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GrampsX9

The Two-And-A-Half-Generation Household

387 posts in this topic

I understand what you are say, so what were/are the expectations of your son and DIL?

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2 hours ago, GrampsX9 said:

I absolutely did have expectations, summarized in the OP (now I know what OP stands for) of this thread and in RoseRed's Thursday 2:47 pm post.  I wonder if @PattyGram has read either of those?

I agree with the previous owner of this house (who, FWIW, is a member of the upstairs family's church), who said, "I'd expect that you would be welcome up there at any time."  Was he just humoring me?  Of course there would be some limits.  He didn't say, and I'm not saying, "welcome anywhere up there".

My family, my house.

And I think that's the problem here.

 

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In my opinion...(not worth much)...IF I had raised my kids in a two story house with a basement, it is obvious that I am used to the run of the whole house and If I invited/agreed for an adult child and his family to move in and due to that I had suggested I move my bedroom and private area to the basement...I think it would be understood that the kitchen, main living area and laundry were still my domain and the upper floor with the bedrooms would be their private space for the duration on our living agreement.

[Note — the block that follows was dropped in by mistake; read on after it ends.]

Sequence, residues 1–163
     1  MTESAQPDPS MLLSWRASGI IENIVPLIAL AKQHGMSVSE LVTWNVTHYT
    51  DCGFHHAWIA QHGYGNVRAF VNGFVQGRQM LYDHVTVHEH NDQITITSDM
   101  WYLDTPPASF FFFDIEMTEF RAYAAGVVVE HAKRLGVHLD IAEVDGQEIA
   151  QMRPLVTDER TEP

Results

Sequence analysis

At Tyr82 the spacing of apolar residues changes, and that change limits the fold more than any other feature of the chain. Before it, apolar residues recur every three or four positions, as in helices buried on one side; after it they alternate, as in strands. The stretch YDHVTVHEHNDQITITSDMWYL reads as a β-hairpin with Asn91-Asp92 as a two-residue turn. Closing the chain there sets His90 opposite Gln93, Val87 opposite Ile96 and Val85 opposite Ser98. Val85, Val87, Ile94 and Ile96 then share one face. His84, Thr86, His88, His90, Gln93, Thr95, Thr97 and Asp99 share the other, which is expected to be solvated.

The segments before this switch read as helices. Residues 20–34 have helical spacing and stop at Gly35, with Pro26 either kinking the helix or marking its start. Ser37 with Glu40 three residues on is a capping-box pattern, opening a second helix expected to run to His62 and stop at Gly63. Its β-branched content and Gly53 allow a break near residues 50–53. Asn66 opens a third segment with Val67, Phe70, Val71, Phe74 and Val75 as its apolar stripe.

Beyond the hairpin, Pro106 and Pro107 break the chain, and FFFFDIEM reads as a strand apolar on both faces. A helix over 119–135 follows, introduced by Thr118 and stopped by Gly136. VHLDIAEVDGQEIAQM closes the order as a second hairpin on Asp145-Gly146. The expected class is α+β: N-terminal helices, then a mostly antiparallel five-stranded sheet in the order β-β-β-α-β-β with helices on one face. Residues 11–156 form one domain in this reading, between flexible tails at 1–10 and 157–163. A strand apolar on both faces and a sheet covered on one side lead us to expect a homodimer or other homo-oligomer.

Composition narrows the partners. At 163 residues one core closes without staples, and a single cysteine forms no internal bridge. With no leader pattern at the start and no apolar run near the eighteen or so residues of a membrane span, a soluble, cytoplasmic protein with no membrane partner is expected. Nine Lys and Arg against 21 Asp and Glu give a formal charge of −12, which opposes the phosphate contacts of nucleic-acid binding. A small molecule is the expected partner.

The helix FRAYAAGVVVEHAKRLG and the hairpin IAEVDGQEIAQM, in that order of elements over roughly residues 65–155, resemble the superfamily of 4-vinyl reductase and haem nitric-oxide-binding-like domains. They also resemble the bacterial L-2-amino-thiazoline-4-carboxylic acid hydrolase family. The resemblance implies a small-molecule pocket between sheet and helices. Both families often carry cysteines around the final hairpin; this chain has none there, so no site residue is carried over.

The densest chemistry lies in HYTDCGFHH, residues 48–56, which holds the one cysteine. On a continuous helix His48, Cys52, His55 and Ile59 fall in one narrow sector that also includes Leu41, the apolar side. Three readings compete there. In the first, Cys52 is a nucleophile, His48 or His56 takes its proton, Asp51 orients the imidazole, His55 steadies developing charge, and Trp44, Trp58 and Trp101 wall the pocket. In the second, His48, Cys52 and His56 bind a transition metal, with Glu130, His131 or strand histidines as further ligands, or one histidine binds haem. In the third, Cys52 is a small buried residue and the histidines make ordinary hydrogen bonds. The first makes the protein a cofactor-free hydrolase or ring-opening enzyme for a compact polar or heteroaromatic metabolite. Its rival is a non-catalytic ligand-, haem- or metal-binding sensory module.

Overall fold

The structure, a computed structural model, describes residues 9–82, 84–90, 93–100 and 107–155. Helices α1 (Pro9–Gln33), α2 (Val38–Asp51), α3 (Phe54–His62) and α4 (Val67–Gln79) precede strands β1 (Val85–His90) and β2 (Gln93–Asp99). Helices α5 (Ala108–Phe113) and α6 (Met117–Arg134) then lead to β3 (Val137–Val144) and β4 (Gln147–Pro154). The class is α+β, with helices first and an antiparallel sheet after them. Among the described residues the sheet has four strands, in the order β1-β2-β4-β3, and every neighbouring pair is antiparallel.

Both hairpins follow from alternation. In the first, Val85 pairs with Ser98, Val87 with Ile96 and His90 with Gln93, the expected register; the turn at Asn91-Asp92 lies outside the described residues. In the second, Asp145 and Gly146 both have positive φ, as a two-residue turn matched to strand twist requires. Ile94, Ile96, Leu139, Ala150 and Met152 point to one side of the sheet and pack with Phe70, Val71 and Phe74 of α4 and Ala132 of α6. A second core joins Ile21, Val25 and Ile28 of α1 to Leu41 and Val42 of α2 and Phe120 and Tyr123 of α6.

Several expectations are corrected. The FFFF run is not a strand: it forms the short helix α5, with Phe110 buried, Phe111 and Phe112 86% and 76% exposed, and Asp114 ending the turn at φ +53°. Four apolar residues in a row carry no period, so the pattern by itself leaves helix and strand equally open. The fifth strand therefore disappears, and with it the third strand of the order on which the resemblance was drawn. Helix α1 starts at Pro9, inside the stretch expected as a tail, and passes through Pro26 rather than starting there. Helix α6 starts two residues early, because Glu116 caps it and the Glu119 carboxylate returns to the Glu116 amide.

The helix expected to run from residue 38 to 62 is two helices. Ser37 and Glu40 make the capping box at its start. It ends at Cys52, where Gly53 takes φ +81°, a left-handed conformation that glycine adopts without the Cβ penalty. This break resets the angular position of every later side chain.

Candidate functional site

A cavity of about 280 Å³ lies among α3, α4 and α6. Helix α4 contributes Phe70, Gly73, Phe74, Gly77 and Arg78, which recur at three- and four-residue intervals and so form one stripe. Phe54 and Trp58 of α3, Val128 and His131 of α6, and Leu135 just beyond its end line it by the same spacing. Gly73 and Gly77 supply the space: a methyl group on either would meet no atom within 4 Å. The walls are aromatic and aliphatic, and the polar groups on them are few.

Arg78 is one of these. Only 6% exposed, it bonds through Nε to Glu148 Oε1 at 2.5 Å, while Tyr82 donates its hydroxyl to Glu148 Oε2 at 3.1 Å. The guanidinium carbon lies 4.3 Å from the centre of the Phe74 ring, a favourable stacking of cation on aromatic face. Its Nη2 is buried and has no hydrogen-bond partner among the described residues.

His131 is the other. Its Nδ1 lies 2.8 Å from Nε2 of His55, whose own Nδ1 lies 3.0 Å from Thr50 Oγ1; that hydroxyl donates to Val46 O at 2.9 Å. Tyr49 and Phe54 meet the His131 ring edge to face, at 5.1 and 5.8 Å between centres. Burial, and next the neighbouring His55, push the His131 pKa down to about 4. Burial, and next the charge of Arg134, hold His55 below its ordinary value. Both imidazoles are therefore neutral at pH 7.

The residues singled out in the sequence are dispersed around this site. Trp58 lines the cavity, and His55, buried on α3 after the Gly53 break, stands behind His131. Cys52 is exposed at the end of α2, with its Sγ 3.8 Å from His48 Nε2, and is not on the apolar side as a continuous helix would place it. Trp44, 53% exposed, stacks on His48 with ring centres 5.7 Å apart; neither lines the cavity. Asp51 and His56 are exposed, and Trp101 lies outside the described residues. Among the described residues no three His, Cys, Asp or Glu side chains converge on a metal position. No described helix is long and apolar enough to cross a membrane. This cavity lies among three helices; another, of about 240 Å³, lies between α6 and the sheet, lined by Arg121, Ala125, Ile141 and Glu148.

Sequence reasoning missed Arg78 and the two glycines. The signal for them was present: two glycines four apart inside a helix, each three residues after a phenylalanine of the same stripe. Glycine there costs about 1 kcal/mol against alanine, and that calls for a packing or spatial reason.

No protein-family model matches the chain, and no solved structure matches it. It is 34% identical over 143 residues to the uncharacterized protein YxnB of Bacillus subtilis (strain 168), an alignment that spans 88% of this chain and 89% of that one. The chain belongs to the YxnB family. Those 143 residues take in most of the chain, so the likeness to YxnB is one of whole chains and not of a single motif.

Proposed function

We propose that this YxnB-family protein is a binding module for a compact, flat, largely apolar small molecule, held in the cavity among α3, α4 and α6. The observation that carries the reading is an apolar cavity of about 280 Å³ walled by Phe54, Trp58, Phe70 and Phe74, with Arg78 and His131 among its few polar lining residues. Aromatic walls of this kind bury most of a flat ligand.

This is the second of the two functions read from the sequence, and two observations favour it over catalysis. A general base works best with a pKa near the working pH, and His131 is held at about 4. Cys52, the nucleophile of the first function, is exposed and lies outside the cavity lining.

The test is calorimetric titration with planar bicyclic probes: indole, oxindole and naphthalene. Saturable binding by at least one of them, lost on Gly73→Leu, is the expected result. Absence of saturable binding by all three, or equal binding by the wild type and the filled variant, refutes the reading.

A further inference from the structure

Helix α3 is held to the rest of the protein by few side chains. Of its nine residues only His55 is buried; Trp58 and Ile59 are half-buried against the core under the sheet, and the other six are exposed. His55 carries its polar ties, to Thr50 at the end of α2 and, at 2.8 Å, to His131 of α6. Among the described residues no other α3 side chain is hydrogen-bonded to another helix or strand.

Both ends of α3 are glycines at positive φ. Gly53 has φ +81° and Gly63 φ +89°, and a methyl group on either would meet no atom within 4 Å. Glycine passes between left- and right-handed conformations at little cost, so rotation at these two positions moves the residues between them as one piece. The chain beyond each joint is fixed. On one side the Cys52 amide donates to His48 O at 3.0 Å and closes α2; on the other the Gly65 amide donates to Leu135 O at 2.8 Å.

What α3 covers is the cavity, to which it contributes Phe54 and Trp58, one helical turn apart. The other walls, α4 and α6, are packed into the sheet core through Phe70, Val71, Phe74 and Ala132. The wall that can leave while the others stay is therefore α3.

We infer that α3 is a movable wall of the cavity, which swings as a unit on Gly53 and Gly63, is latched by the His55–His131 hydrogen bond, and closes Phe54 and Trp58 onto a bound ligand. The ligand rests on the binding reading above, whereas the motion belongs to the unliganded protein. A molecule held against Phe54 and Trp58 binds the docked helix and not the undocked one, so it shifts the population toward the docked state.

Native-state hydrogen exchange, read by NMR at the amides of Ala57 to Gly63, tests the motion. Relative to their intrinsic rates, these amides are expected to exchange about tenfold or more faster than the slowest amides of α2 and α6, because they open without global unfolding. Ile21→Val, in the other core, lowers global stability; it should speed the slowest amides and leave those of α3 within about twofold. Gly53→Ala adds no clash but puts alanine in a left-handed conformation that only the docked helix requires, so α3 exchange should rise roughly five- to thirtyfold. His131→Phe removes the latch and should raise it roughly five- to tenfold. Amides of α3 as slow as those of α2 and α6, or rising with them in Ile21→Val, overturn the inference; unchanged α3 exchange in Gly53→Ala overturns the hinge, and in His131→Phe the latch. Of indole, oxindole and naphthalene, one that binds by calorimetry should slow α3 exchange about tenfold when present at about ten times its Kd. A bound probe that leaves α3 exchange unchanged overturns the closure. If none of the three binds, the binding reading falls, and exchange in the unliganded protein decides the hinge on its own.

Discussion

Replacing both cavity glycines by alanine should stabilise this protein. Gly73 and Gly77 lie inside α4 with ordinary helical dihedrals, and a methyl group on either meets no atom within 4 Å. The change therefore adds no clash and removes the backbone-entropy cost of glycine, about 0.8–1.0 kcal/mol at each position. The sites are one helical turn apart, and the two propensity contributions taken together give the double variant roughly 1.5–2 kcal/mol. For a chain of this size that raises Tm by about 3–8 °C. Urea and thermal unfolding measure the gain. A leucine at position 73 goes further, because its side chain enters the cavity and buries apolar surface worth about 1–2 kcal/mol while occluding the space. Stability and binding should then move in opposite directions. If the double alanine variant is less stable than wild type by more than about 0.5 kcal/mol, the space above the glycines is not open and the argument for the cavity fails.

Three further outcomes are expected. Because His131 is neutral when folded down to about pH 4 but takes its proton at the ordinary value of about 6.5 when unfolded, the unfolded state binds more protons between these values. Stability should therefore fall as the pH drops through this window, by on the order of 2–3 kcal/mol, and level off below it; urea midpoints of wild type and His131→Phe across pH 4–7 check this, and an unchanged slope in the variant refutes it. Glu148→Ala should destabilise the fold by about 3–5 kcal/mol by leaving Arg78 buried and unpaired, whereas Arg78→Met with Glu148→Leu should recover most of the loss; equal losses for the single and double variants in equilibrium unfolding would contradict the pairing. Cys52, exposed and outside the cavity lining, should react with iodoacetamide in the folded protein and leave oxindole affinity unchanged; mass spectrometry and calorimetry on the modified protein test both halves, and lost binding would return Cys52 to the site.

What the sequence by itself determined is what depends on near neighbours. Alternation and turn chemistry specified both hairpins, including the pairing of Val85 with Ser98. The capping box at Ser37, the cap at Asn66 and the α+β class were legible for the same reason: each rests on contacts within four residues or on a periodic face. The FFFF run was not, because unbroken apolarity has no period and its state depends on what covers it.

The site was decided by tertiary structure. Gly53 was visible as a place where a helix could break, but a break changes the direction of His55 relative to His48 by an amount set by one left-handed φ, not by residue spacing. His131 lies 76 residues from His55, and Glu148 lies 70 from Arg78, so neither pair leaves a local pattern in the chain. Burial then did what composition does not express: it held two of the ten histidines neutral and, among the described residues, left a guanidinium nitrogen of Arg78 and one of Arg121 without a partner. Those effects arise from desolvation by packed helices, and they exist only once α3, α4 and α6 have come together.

But, we have no idea how long gramps and his son and family have been living in this huge house or what the original arrangement was OR IF there even was one.  I think all this information does matter.  Not for me, but for gramps.  He needs to comprehend what is going on here and if things need cleared up, he needs to do that with his son who will have any discussion necessary with the rest of his family.

I understand that fees to change this arrangement at this point might be restrictive to everyone involved, but demolishing a relationship is also costly even if not in monetary terms.  If I found myself in this place, I might move myself to another apartment and rent out the basement to help with the expenses due to my move.  I have been in a touchy relationship with my own daughter, and I'd do almost anything to not go there again.

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31 minutes ago, ImpishMom said:

And I think that's the problem here.

 

If my family, my house is the problem, as you indicate it is, whose problem is it? -- and why-

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This man was hugely taken advantage of- That's the bedrock on which this situation sits-